4.6 Linear Convection and Air Traffic Planning

Friday, 23 June 2017: 2:45 PM
Salon II (InterContinental Kansas City at the Plaza)
Mark A. Burger, NOAA/NWS, Olathe, KS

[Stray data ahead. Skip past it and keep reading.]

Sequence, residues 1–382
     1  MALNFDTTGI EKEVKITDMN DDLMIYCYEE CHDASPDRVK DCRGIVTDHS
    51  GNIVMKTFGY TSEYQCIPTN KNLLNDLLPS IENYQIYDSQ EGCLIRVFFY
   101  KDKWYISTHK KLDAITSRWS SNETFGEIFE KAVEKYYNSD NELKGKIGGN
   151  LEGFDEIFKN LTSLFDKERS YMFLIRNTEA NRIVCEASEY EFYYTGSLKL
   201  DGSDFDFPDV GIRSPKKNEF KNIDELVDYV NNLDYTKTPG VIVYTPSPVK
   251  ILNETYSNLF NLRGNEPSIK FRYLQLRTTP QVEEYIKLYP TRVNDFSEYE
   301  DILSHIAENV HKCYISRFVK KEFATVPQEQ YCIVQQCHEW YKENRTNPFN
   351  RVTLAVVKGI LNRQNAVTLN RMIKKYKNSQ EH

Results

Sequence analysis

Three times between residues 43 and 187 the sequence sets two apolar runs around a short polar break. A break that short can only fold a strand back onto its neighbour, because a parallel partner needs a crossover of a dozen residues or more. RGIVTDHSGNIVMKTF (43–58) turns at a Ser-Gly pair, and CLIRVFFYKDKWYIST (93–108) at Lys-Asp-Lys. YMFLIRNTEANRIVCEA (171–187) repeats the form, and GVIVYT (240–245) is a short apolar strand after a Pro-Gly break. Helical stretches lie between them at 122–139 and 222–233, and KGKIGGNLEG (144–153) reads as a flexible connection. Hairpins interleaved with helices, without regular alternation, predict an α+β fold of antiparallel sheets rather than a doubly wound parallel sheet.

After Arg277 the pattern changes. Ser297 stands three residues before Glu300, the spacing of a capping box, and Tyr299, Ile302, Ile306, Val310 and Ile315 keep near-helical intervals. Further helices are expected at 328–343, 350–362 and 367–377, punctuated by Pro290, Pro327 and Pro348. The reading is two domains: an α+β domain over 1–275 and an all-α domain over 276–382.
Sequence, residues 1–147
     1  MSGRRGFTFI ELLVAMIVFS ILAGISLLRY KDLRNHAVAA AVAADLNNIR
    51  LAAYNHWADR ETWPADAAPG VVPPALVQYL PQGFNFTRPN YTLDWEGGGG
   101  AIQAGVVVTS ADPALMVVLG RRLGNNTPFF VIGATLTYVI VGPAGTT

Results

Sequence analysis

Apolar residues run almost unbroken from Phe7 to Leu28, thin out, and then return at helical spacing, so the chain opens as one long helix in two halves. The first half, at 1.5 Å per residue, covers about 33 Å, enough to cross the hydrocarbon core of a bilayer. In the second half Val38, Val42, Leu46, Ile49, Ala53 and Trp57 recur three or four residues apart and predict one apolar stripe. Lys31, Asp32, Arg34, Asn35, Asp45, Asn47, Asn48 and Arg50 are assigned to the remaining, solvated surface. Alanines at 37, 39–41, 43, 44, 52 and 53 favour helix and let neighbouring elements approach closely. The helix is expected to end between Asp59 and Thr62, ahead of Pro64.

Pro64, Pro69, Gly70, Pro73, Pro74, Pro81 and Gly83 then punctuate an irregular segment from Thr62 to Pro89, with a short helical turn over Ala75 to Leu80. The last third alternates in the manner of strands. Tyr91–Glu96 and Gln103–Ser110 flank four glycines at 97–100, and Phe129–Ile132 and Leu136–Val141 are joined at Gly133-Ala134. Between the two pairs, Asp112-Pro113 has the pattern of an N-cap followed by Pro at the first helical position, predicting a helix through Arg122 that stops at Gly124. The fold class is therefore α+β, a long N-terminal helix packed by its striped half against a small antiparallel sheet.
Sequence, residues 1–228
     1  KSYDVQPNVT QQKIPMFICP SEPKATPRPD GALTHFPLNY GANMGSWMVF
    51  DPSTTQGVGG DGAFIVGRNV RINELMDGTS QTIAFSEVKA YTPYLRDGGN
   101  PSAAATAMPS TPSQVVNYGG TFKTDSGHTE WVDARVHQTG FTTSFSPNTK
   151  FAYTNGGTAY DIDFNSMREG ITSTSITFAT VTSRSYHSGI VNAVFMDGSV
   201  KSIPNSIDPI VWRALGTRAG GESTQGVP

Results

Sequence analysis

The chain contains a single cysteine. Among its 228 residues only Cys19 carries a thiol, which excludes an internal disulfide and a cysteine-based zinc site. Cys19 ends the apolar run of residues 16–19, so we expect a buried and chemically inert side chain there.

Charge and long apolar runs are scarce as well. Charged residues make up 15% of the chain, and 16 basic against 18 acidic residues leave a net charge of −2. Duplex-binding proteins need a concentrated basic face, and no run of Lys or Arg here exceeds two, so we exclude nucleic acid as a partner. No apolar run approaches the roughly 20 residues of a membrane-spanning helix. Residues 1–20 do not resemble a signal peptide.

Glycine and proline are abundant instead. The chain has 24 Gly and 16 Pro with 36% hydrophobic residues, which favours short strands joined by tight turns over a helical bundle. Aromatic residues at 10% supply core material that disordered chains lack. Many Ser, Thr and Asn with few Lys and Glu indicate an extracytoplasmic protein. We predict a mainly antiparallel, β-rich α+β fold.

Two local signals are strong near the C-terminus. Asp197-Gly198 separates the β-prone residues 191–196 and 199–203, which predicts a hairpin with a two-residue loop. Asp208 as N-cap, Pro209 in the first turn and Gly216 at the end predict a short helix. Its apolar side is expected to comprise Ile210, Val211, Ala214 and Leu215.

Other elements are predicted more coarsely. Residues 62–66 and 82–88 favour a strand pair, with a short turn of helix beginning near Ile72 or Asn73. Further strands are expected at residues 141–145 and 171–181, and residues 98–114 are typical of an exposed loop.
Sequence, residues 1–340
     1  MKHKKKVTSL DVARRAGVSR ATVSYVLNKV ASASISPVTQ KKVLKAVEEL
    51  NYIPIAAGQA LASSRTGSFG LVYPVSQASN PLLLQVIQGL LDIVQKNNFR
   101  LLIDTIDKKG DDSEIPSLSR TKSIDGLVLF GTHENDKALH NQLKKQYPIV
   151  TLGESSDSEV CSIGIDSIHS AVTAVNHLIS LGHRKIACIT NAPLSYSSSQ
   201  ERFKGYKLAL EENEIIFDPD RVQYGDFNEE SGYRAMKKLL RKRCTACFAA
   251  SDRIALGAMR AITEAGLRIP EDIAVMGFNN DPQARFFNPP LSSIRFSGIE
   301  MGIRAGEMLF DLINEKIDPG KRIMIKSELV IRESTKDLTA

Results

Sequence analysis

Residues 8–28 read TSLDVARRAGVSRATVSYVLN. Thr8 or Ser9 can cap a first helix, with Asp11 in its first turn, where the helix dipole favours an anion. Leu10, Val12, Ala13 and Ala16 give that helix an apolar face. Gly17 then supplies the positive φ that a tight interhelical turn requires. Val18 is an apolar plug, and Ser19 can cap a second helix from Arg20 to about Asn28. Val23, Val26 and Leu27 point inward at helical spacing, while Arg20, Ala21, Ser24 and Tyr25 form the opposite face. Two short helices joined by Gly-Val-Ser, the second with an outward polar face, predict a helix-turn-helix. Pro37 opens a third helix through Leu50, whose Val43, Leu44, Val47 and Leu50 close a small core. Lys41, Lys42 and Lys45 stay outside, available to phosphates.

Thunderstorms pose unique challenges in maintaining the safety and efficiency of air traffic. National Weather Service meteorologists work within the Federal Aviation Administration en-route facilities to ensure that decision making incorporates the latest meteorological reasoning and support to benefit the flying public by providing on-site and on-demand advisories and services tailored to their needs. Convective episodes dominated by long-lasting, linear modes oriented north-to-south are especially impactful to the National Airspace System. This often requires much coordination between meteorologists, FAA traffic managers, and air carriers to facilitate operations. An example of this interplay between meteorological forecasts, stakeholder communication, decision-making, and subsequent impacts occurred with the Great Plains convective event of 12 April 2015, and is thoroughly examined as a case study of the benefit of meteorologists embedded within the air traffic control framework.
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